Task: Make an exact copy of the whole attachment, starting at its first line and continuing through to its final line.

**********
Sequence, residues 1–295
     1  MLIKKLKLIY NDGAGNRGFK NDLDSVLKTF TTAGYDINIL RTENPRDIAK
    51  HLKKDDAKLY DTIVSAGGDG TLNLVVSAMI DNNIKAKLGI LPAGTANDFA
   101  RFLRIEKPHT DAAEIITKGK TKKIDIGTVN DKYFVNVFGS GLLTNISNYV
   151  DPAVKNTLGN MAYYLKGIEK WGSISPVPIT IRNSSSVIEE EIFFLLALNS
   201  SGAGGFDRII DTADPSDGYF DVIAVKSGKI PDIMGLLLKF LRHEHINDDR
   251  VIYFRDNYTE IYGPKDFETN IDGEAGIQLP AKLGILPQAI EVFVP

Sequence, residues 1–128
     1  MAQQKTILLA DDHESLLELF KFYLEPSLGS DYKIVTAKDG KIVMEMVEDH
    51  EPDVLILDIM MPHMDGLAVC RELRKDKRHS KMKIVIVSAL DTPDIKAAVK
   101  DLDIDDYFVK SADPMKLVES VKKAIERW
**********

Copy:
Sequence, residues 1–295
     1  MLIKKLKLIY NDGAGNRGFK NDLDSVLKTF TTAGYDINIL RTENPRDIAK
    51  HLKKDDAKLY DTIVSAGGDG TLNLVVSAMI DNNIKAKLGI LPAGTANDFA
   101  RFLRIEKPHT DAAEIITKGK TKKIDIGTVN DKYFVNVFGS GLLTNISNYV
   151  DPAVKNTLGN MAYYLKGIEK WGSISPVPIT IRNSSSVIEE EIFFLLALNS
   201  SGAGGFDRII DTADPSDGYF DVIAVKSGKI PDIMGLLLKF LRHEHINDDR
   251  VIYFRDNYTE IYGPKDFETN IDGEAGIQLP AKLGILPQAI EVFVP

Sequence, residues 1–128
     1  MAQQKTILLA DDHESLLELF KFYLEPSLGS DYKIVTAKDG KIVMEMVEDH
    51  EPDVLILDIM MPHMDGLAVC RELRKDKRHS KMKIVIVSAL DTPDIKAAVK
   101  DLDIDDYFVK SADPMKLVES VKKAIERW